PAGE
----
|| Checking for direct PDF access through Ovid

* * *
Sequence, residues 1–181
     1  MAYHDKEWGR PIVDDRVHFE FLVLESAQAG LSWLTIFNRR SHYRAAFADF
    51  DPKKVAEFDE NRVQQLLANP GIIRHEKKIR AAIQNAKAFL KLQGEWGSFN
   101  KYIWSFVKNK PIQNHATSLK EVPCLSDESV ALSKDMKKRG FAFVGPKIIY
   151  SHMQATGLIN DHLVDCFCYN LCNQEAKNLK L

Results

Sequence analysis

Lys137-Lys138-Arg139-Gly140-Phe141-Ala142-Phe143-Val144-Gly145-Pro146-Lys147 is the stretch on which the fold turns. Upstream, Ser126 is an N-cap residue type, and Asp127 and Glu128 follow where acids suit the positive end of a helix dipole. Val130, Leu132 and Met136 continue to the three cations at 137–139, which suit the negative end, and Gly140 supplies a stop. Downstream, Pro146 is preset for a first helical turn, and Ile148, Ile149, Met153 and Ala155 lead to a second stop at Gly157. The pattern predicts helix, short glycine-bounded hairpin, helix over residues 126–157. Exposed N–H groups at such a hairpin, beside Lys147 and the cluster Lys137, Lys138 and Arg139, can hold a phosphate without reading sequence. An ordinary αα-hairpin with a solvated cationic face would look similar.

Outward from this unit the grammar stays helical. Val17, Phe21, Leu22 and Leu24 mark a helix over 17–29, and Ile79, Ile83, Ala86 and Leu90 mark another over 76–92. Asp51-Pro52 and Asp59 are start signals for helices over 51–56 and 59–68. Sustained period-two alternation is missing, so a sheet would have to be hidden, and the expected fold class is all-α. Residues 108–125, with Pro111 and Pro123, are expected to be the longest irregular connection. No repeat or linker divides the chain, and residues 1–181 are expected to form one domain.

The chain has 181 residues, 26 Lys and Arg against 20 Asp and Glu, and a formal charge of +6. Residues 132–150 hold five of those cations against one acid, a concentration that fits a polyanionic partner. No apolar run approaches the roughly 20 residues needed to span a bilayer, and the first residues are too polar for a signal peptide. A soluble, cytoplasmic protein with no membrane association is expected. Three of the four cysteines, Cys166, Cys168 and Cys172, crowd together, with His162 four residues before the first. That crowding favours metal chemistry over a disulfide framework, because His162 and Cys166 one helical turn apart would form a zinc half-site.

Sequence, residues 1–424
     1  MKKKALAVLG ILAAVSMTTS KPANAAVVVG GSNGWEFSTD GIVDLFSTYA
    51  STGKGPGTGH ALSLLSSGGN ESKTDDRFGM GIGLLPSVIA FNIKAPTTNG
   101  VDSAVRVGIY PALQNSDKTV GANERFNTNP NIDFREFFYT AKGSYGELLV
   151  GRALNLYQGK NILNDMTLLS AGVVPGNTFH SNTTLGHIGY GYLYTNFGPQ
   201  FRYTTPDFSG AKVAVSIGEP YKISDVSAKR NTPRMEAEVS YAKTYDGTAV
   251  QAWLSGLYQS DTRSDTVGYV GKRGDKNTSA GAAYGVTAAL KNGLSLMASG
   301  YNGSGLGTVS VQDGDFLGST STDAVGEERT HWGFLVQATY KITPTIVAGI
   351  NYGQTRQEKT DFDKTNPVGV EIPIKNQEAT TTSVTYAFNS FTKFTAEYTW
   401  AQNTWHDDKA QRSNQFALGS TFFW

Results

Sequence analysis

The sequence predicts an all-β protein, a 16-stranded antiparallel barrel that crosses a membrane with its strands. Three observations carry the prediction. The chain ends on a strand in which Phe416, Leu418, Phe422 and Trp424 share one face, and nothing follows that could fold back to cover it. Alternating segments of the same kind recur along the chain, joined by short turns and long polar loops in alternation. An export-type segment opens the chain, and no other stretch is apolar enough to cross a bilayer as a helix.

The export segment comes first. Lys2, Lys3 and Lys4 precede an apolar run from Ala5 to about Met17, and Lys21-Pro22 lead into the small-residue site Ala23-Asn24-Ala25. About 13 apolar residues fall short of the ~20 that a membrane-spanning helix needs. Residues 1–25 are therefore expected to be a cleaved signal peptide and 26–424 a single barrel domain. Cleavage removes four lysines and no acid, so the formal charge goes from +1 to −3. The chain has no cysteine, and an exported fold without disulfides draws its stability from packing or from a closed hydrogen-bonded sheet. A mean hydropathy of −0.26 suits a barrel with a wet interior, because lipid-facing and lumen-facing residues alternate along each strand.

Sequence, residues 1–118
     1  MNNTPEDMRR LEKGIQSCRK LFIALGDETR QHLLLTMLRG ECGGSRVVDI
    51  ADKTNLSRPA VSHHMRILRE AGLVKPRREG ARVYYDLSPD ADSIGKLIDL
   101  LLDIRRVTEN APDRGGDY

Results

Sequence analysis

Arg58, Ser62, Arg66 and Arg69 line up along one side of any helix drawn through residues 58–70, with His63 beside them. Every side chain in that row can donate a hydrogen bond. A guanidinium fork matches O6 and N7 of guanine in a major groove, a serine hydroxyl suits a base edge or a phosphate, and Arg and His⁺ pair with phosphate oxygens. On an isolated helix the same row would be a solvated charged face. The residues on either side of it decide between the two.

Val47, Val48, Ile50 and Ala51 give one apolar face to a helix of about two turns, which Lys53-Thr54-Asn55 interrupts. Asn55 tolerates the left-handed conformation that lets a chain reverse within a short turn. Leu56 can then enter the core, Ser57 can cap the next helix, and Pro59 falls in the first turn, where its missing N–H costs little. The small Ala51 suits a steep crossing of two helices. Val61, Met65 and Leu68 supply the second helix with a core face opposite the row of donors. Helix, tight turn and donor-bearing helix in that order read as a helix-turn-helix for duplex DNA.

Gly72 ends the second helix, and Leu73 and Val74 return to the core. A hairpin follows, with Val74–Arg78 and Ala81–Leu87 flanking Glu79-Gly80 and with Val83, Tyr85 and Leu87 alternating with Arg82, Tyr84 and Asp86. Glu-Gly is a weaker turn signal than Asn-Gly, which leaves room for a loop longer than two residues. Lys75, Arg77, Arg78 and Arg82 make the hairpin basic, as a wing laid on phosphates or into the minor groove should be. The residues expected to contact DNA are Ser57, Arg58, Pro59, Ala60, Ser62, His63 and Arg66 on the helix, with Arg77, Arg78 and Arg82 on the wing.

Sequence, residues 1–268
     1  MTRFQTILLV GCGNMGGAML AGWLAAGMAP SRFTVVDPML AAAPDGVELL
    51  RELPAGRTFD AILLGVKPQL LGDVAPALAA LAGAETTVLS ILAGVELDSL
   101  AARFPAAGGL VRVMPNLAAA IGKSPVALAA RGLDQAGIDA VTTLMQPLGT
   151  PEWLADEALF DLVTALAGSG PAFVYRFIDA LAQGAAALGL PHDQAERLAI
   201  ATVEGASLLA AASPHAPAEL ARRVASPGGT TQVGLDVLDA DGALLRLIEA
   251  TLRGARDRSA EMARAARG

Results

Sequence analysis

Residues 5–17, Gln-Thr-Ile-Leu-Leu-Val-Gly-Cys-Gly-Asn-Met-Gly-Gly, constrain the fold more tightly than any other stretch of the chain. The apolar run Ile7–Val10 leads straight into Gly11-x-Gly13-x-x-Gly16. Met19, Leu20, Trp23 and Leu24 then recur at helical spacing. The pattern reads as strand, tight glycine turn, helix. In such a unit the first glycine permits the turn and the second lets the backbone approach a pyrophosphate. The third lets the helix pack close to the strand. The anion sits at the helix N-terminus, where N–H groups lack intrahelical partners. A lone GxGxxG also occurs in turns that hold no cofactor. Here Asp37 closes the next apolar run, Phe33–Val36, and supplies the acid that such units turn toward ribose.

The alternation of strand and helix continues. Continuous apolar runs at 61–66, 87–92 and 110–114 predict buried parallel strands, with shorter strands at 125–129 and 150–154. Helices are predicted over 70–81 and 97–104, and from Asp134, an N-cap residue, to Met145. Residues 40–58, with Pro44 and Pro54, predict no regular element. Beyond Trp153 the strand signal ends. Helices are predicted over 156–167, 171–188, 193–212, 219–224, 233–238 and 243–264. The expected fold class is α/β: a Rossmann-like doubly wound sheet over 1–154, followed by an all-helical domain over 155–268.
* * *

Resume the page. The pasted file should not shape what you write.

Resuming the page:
Pneumococcal polysaccharide vaccines are not protective against the most common pneumococcal infections in infancy. The importance of pneumococcal diseases and emerging antimicrobial resistance emphasize the need for prophylaxis.Pneumococcal conjugate vaccine, containing capsular polysaccharides from serotypes 6B, 14, 19F and 23F conjugated to diphtheria toxoid (PncD), was given to 75 infants at 2, 4 and 6 months of age. Three dosages (1, 3 or 10 μg of each) were used. A placebo group of 49 infants received physiologic saline. Children were given a booster dose of either polysaccharide or conjugate vaccine at 14 months of age; the placebo group received conjugate vaccine. Antibody concentrations were determined with an enzyme immunoassay.The highest dose induced the strongest response after primary immunization, but booster response was greatest in the group primed with the lowest dose. Polysaccharide and conjugate vaccines induced booster responses of the same magnitude. At 24 and 36 months of age the antibody concentrations were similar in children who had received the PncD in infancy and in children immunized at 14 months of age only.The PncD conjugate vaccine is immunogenic and able to induce immunologic memory.